The changes help the 250 propel itself around Lotus’s Hethel test track in 1 minute and 34 seconds, a full four seconds quicker than the Elise Cup 220 can do.

Ultimate lap times are the goal here, rather than showy displays of car control . . . this car is as quick around Hethel as the V6-powered Exige S

Without much hope of matching that time and, in truth, without a stopwatch at the ready, we are let loose on track. Immediately the true nature of the car reveals itself. Through a tricky left-right-left-right complex at the start of the lap, the Cup 250 responds with inch-perfect precision before a hard braking area into a right-hand hairpin proves the AP Racing-Brembo (front-rear) brake combo can do the business without drama.

Standing on the brakes barely unsettles the car — you need to trail the brakes into the corner before there’s any sign of a twitch from the chassis. Similarly, stepping hard on the accelerator reveals an absence of oversteer. In fact, give it too many beans coming out of a hairpin, and you may be served a good dose of understeer.

A Sport mode can be switched on that increases throttle response, reduces the nannying effects of traction control and removes what Lotus calls “understeer recognition” — a system designed to stop drivers ploughing head-on into a crash barrier at the first corner of their first track day. Precise steering and throttle inputs are required to get the most out of the car through a corner, but losing traction is hard and a Caterham or its like delivers a much more tail-happy, raucous experience than the Lotus.

Get the corner exit right and you’re launched towards the horizon as if propelled by elastic. While a huge amount of skill isn’t required to keep the back end in check, careful attention is needed to get the gearshifts spot-on. The flat torque curve means a consistent surge forward as speed increases, and you’ll need to give it the full whack to benefit from the peak power. Lotus’s chassis man, riding shotgun for the first few laps, encourages a planted right foot until three rev lights indicate the optimum moment for changing up a gear.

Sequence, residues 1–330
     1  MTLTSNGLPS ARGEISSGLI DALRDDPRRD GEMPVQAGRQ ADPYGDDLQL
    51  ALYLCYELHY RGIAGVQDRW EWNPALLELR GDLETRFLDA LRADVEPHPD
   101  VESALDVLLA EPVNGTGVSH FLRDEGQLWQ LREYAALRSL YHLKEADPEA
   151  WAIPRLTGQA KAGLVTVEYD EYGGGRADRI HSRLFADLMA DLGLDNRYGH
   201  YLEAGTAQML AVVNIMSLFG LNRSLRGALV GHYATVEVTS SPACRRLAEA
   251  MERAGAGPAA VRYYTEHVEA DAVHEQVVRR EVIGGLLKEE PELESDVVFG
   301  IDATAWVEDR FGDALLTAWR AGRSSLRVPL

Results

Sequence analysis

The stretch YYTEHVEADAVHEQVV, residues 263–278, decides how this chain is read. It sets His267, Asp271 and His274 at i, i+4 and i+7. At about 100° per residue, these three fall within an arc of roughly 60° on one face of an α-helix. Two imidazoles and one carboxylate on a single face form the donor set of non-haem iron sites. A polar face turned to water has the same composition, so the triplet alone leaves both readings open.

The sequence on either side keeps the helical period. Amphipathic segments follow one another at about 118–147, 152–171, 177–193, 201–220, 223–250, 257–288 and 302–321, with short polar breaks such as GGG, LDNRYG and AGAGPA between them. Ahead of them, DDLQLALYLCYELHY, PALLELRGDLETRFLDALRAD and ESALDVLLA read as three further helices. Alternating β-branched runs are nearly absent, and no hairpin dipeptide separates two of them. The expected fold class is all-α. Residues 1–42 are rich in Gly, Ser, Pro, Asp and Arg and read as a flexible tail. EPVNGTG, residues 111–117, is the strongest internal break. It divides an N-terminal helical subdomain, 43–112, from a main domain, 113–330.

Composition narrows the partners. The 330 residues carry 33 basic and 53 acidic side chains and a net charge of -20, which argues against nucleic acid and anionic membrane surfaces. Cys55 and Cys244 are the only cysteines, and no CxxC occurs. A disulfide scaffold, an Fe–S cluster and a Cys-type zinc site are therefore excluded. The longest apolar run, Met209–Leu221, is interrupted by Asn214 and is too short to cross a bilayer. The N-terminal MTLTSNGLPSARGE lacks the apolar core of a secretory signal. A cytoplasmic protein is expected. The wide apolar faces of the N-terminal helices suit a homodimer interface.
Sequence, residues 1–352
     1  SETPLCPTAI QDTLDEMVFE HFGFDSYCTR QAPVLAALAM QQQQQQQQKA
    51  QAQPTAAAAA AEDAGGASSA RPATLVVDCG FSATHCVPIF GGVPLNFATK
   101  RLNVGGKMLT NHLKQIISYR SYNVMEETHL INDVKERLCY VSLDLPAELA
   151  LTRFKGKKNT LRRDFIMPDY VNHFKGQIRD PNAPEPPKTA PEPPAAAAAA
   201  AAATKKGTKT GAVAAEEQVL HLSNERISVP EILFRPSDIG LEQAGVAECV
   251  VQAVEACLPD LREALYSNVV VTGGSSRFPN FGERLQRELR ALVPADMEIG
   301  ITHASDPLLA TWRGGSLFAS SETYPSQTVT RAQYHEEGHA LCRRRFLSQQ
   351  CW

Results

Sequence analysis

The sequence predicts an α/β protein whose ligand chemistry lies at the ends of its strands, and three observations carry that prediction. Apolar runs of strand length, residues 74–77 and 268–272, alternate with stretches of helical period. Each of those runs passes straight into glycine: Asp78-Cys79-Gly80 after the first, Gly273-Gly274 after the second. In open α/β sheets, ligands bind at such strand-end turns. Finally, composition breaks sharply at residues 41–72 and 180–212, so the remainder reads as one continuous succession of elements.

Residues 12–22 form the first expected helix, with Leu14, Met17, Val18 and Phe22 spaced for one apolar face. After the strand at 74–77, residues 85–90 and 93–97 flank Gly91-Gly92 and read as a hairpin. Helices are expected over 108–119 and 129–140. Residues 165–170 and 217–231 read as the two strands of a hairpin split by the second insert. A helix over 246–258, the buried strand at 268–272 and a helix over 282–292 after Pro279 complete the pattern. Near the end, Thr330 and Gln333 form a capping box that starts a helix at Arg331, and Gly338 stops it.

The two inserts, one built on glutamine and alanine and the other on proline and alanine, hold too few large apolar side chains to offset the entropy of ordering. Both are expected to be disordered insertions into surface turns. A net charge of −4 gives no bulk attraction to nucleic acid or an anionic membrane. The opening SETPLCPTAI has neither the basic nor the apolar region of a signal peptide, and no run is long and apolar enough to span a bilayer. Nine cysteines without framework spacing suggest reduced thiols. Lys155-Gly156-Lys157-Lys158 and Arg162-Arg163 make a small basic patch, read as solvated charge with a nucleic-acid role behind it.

Perfecting shifts through the six-speed manual gearbox is tricky but rewarding. Having recently driven the wild Caterham Seven 620S, however, we couldn’t help thinking that if the Lotus’s gear gate were bit closer and the lever a bit shorter, the shifts would be quicker and you wouldn’t feel so like a rower.

But there’s no denying the Cup 250’s pace on track. Traction is impressive into, through and out of corners at any speed, with the aero kit keeping it planted on the asphalt. Ultimate lap times are the goal here, rather than showy displays of car control: this car is as quick around Hethel as the V6-powered Exige S.

Take the car out on the road, though, and its calm demeanour and comfort are a boon. Yes, it’s fast, but it’s not a handful. The steering is quick and precise, the clutch is light so you won’t end up with a dead left leg in traffic, the ride is supple over bumpy B-roads (an Elise’s natural habitat) and the motor behind you won’t give you a headache. Our car even had air-conditioning.

First Drive review: 2016 Lotus Elise Cup 250

The only complaint was that, as a tall chap (6ft 5in) and broad with it, I found my head was too high up and the carbon seat could be described as a torture device, with sharp protrusions pushing into my hip bones. Lotus will happily sort you out with an alternative seat — the basic throne from the Elise Sport 220 would have suited. That aside, an afternoon zipping around Norfolk in a hot Elise in blazing sunshine is a special experience.